Spironolactone is a medication that has been used to treat high blood pressure since the 1960s. While there is some belief spironolactone reduces blood pressure, there are concerns due to the potential for this drug to cause adverse effects. The aim of this review was to determine the extent to which spironolactone reduces blood pressure, the nature of spironolactone’s adverse effect profile, and to determine the clinical impact of its use for hypertension. The search revealed 5 cross-over trials with a total of 137 patients that received both spironolactone followed by placebo or vice verse, in a random order. One other trial was found that randomly gave 42 patients either spironolactone (22 patients) or placebo (20 patients). The daily doses of spironolactone used in these studies ranged from 25-500 mg daily. Studies followed patients for 4 to 8 weeks of therapy. None of the studies reported on the clinical impact of spironolactone (i.e. whether spironolactone reduced heart attacks or strokes compared to placebo). Overall reporting of adverse effects was poor so no conclusions can be drawn about the adverse effect profile. This meta-analysis shows that spironolactone reduces systolic/diastolic blood pressure by approximately 20/7 mm Hg compared to placebo.
From the limited available evidence, spironolactone appears to lower blood pressure compared to placebo to a similar degree in patients with primary (essential) hypertension when doses of 100-500 mg/day are given. A dose of 25 mg/day did not statistically significantly reduce systolic or diastolic blood pressure, compared to placebo. Given the lack of a dose-response, coupled with a possible increased risk in adverse events with higher doses, doses of 25 to 100 mg/day are reasonable. There is no evidence of the effect of spironolactone on clinical outcomes in hypertensive patients.
Spironolactone is an aldosterone antagonist, considered fourth line therapy for hypertension in patients already treated with multiple medications.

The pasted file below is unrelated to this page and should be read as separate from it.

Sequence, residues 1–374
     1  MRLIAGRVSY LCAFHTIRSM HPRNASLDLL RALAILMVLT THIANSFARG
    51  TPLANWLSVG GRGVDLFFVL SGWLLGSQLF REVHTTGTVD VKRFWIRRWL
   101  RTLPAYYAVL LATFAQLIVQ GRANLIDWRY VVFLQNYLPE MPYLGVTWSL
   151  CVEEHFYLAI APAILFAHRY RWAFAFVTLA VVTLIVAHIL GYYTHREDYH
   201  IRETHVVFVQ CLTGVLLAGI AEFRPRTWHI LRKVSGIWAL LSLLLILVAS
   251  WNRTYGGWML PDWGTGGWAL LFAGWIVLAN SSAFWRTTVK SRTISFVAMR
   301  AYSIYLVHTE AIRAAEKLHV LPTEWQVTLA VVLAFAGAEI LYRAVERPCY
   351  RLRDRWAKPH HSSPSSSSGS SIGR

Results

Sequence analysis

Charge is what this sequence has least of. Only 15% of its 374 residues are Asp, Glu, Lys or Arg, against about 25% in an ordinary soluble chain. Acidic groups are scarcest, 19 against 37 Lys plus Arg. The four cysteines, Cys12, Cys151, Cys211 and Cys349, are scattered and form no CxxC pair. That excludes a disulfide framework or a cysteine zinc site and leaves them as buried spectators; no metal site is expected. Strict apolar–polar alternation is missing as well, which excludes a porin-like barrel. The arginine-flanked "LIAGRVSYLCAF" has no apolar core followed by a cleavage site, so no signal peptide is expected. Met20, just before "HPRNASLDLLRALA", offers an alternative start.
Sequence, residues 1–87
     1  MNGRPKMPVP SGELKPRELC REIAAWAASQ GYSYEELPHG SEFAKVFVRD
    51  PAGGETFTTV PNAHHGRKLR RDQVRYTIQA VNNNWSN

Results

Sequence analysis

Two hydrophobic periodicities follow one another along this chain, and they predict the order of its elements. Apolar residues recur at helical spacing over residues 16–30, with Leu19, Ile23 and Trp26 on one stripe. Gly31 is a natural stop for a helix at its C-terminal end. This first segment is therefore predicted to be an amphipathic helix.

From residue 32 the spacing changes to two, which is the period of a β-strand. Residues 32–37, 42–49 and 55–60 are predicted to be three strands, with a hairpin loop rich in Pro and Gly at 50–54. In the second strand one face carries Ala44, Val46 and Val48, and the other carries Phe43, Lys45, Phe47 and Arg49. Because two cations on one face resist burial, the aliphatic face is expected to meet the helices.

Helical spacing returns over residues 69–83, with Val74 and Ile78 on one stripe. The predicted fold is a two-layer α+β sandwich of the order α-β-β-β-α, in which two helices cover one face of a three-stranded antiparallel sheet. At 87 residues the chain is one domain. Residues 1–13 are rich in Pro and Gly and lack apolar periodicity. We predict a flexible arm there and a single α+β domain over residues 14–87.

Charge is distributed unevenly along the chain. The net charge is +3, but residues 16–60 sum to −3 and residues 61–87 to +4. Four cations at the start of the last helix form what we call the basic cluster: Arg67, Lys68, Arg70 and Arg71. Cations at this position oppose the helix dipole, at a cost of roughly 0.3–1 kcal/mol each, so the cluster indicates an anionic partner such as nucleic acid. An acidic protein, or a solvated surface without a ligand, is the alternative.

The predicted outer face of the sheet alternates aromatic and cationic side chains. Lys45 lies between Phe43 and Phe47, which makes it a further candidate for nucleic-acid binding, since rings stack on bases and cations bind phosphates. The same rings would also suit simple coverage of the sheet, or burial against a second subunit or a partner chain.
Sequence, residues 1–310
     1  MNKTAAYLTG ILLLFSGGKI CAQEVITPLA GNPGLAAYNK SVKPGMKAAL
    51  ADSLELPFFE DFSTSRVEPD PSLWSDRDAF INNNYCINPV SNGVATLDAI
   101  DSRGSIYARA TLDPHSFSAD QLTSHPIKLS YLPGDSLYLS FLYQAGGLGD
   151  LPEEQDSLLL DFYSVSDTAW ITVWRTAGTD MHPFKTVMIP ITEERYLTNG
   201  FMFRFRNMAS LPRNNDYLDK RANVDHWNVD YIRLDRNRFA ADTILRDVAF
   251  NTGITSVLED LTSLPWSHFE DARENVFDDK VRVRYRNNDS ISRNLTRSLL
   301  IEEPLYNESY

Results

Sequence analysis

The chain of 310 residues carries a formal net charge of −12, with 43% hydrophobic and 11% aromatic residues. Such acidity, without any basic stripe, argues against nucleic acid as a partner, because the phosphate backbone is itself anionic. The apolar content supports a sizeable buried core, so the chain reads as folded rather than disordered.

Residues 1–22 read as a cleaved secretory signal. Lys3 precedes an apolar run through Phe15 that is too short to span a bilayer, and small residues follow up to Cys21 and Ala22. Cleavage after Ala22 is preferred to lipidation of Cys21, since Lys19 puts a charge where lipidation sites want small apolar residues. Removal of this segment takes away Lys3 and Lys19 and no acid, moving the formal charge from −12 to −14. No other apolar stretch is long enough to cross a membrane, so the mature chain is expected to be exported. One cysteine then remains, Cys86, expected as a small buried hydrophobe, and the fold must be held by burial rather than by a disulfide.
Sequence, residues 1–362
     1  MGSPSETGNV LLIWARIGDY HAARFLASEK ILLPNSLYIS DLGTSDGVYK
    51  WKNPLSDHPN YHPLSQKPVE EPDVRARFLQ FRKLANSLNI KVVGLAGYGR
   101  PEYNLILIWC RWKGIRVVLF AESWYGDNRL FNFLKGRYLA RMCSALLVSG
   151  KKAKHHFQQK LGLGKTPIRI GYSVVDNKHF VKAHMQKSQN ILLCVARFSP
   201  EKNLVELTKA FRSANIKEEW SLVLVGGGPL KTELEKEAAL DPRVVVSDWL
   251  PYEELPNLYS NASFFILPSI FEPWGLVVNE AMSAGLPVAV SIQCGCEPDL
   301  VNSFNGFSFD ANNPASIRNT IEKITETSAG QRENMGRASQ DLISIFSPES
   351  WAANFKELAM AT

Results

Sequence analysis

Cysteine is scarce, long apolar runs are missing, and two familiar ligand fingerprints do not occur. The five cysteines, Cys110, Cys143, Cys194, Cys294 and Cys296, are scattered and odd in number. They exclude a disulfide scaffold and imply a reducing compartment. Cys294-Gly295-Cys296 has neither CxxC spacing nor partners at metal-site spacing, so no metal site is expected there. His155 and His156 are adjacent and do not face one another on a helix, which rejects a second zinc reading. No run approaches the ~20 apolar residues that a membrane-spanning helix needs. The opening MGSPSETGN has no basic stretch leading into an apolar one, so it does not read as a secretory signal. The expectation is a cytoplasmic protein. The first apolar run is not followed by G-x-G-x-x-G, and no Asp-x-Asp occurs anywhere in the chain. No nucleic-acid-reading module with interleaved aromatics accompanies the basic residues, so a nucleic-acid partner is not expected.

Primary: to determine the effect of spironolactone on patient mortality, morbidity, and to quantify the magnitude of blood pressure lowering effect of spironolactone monotherapy.
Secondary: to determine the prevalence of adverse reactions observed with spironolactone monotherapy and to determine if there is a blood-pressure lowering dose response with spironolactone.
We searched the following databases: Cochrane Central Register of Controlled Trials (3rd Quarter 2009), MEDLINE (2005 - Sept. 2009), and EMBASE (2007 - Sept. 2009). References from retrieved studies were reviewed to identify any studies missed in the initial search. No language restrictions were applied.
We selected RCTs studying patients with primary hypertension. We excluded studies of patients with secondary or gestational hypertension, and studies where patients were receiving multiple antihypertensives.
Two reviewers independently reviewed the search results for studies meeting our criteria. Three reviewers extracted data and assessed trial quality using a standardized data extraction form. Data synthesis and analysis was performed using RevMan 5.
Meta-analysis of the 5 cross-over studies found a reduction in SBP of 20.09 mmHg (95%CI:16.58-23.06,p<0.00001) and a 6.75 mmHg (95%CI:4.8-8.69,p<0.00001) reduction in DBP. These results were statistically significant and there was no evidence of heterogeneity between the studies. There may be a dose response effect with spironolactone up to 50 mg/day, but the confidence intervals around the mean end-of-study blood pressure for doses ranging 25-500 mg/day all overlapped. In other words, it appears that doses >50mg/day do not produce further reductions in either SBP or DBP. One cross-over study found that spironolactone 25 mg/day did not statistically significantly change SBP or DBP compared to placebo, SBP: -9.9 (95%CI:-21.15,1.35); DBP -2.34 (95%CI:-7.92,3.06).